5

Example:

I borrow your car and drive it. The brakes on your car fail and I smash the car into someone's gate. Prior to lending the car, the car manufacturer posted a possible defect on their web site that said that certain cars brakes might malfunction. (If relevant, let's say the manufacturer said that just 3% of cars encountered this problem.) You didn't check the site or know about this defect, and you never had a problem.

Who's responsible to pay damages to the gate?

  • Me - If I recall correctly, a Sho'el (borrower) may be responsible for any damages that he causes to someone else's property even accidentally.
  • You - As car owner, aren't you responsible for checking up on possible manufacturer defects?
  • The car manufacturer

Note: - Please try to generalize your answer regarding any similar machine or item. The main parameter in this scenario are that the manufacturer had a defect and they publicized it (questionable if a web post is "sufficient"), and that the owner did not know about the defect so assumed that there was none at the time that he lent the item.

Perhaps, in this scenario, more than one party may be responsible for various reasons. E.g., the manufacturer might ultimately be responsible for compensating the car owner for their negligence in insufficiently posting the problem. In this question, I am only interested in who must pay damages to the gate owner.

  • Please inform me if this question enters your "complex scenario" rule. As much as I try to read it, I sometimes have trouble knowing what questions qualify and what doesn't. – DanF Apr 10 '18 at 17:21
  • Just wondering: Where do we find in halacha that a seller is liable for a defect (and especially the damage it causes) that he wasn't aware of at the time of a sale? – Danny Schoemann Apr 11 '18 at 14:42
  • 1
    @DanF IMHO The OP is still mistaken. "If I recall correctly, a Sho'el (borrower) may be responsible for any damages that he causes to someone else's property even accidentally." That statement seems incorrect. The special rules of sho'el apply only between the lender and borrower-concerning the borrowed object/animal only; not between the borrower and a third party gate owner(even if it is the lender's gate). IOW a guy who rented a car, borrowed a car, or owns his own car would all be equally liable for the gate owned by a random third party. – David Kenner Apr 11 '18 at 14:51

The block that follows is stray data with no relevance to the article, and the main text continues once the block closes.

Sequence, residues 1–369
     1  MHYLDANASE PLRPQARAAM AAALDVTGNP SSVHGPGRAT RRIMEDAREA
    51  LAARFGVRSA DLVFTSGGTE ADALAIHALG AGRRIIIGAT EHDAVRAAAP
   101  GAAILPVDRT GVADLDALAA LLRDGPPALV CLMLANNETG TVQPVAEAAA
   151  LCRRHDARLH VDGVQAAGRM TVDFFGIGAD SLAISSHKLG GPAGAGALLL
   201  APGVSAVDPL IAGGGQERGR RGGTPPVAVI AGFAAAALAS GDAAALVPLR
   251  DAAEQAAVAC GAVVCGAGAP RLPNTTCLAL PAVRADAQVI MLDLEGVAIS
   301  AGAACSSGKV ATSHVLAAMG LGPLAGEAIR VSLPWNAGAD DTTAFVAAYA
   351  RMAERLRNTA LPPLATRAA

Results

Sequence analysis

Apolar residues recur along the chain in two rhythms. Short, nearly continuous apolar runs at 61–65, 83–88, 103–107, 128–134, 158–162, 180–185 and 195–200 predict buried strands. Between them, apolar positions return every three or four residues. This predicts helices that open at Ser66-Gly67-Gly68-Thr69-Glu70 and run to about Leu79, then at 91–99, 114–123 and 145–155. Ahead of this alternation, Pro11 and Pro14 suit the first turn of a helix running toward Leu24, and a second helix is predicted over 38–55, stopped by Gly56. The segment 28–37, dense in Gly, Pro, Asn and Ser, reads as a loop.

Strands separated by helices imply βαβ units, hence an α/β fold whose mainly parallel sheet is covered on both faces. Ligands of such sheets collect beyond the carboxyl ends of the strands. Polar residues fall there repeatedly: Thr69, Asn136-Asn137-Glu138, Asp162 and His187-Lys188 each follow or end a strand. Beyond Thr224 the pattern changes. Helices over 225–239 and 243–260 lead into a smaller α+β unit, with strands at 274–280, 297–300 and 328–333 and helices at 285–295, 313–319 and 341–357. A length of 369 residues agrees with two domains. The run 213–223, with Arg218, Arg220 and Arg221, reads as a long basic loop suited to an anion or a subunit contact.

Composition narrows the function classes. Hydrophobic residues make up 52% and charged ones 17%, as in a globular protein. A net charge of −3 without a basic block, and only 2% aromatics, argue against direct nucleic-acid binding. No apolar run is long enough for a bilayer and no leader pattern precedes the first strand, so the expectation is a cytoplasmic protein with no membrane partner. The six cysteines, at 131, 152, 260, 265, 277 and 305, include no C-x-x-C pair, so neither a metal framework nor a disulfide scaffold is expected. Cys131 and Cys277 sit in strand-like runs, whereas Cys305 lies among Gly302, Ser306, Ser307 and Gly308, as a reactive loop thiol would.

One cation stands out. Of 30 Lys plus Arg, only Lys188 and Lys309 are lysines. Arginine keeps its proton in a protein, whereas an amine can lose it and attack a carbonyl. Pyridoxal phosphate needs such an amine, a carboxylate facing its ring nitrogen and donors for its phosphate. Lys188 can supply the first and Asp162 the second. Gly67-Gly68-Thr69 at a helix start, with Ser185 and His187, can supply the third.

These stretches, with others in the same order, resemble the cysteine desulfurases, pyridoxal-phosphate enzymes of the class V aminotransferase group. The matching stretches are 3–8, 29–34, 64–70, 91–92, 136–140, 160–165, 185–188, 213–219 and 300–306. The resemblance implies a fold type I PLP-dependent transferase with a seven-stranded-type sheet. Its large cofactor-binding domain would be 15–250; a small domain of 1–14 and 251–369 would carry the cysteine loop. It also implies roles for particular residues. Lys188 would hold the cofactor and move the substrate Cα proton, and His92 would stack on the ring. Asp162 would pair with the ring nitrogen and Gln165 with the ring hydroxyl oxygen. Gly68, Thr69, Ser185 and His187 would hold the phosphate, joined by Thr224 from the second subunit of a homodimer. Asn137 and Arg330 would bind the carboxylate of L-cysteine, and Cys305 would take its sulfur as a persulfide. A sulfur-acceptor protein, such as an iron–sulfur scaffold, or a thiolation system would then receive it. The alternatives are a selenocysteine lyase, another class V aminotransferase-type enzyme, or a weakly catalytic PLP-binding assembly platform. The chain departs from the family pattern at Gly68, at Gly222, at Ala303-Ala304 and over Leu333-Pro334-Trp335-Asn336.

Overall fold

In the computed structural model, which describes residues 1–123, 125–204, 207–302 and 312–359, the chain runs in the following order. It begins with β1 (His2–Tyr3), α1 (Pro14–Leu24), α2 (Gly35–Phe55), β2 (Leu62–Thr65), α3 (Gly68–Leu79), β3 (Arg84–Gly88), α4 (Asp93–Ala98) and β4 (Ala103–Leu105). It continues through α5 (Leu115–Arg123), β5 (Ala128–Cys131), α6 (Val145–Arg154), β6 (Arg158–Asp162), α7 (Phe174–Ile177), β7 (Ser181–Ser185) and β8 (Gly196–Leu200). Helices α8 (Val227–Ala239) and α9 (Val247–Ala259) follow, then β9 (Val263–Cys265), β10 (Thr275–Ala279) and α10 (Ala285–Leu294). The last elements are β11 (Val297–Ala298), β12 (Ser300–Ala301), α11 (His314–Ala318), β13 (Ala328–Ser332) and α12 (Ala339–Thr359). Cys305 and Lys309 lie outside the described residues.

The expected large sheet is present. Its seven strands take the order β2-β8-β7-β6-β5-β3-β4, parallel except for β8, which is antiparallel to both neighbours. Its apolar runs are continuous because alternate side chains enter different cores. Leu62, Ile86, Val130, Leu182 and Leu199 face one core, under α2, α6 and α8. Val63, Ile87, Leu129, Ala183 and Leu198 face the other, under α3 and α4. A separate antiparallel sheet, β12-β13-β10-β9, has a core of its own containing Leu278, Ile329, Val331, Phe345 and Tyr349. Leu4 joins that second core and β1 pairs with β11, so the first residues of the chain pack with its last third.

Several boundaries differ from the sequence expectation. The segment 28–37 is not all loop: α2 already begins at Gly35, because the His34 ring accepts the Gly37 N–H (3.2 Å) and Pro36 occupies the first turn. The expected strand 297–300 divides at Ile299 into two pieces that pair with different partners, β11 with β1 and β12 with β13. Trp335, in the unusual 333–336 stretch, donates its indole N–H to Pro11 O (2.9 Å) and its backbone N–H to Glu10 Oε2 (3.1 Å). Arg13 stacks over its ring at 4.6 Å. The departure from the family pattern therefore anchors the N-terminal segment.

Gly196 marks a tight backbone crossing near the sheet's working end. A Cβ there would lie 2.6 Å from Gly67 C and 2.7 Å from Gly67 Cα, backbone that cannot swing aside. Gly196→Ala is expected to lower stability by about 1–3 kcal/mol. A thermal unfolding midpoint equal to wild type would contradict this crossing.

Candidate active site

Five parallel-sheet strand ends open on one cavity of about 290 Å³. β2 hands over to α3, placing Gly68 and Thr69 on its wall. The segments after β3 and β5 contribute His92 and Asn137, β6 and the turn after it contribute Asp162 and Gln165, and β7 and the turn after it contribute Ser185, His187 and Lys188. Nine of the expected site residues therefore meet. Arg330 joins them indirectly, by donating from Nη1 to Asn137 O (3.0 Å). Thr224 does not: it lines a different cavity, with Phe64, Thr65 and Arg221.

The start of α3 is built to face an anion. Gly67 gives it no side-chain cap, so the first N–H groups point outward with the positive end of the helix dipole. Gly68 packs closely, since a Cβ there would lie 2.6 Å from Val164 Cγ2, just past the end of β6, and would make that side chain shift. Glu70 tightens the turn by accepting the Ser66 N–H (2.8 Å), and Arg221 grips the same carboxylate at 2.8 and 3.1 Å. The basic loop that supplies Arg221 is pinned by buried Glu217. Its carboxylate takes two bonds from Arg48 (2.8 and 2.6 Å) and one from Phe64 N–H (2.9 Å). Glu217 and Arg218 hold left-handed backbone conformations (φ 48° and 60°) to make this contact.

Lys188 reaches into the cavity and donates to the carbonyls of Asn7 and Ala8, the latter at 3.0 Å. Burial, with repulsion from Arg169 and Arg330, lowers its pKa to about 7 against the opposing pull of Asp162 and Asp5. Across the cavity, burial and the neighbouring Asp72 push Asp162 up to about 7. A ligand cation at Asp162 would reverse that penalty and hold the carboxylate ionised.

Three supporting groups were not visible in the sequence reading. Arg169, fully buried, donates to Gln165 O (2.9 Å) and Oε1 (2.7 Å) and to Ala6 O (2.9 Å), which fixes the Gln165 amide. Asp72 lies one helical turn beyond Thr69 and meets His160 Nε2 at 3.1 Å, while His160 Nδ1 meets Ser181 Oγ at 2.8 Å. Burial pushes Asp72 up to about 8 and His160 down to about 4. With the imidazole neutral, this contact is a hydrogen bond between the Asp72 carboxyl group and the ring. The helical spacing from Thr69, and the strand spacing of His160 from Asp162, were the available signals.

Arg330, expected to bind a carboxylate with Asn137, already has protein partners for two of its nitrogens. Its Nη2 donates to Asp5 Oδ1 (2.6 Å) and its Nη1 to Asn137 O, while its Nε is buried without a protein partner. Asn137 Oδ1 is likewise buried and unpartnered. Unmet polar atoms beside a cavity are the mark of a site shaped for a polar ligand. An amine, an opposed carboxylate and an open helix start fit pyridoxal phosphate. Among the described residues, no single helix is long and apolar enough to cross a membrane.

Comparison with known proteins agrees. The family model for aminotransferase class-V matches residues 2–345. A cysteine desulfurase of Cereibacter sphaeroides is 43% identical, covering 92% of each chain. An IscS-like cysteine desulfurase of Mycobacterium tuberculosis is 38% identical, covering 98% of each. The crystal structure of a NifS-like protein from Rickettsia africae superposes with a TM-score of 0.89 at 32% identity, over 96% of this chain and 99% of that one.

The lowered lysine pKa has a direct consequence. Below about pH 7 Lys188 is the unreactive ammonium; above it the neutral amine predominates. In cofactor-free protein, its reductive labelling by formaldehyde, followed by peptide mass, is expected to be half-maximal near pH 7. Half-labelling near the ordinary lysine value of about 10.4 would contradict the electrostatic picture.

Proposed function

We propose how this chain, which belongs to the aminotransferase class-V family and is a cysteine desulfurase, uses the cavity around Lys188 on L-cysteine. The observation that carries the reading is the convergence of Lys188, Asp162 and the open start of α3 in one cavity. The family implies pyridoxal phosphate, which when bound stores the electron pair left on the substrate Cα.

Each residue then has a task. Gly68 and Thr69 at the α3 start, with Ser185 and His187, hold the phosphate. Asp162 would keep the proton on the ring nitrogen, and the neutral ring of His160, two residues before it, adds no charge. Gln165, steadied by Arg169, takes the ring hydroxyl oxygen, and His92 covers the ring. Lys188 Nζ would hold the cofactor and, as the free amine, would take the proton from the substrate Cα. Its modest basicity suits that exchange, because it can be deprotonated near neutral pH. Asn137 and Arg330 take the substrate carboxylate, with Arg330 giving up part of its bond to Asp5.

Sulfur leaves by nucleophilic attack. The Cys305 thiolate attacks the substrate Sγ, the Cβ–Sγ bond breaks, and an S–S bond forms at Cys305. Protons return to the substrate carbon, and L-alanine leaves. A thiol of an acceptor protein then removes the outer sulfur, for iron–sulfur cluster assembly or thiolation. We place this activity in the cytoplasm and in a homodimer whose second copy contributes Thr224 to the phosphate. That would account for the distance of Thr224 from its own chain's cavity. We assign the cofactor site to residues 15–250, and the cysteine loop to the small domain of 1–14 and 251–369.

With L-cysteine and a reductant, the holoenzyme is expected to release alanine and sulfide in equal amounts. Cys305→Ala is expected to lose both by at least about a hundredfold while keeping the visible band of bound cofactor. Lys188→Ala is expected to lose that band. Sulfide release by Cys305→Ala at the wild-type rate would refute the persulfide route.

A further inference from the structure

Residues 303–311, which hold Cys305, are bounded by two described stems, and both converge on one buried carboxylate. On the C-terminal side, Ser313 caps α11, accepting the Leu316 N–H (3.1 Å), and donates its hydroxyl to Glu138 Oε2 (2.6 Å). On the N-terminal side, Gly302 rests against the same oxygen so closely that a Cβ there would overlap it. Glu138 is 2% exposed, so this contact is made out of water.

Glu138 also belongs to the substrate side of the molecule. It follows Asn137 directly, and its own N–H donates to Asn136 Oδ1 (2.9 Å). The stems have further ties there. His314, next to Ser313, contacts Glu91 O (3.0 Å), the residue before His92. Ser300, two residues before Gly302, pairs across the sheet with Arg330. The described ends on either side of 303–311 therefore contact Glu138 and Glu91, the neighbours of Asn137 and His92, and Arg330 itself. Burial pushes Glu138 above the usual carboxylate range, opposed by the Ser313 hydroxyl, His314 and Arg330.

• @DoubleAA I was contrasting "accidental "onus" damage" to the car vs "accidental damage" to some other person's property. The OP still seems to be using the word "accident" in that understanding. Yes, of course if the borrowed object gets damaged due to normal use during its normal work purpose, then the borrower does not have to pay. Example: the car's spark plug needs replacing because of the borrower's road trip. That is just wear and tear so he shouldn't pay. The car was legally parked and someone hit it. That is onus and he pays. The OP does not seem to be מתה מחמת מלאכה. – David Kenner Apr 11 '18 at 15:21
  • 1
    @DannySchoemann That's a very good question. Regarding cars, there may be a "built-in" responsibility. Most car manufacturers have an x-year warranty for essential car parts. If there's a manufacturer's defect on the part under warranty, do they have a responsibility to contact you about it? – DanF Apr 11 '18 at 17:30

You must log in to answer this question.

Browse other questions tagged .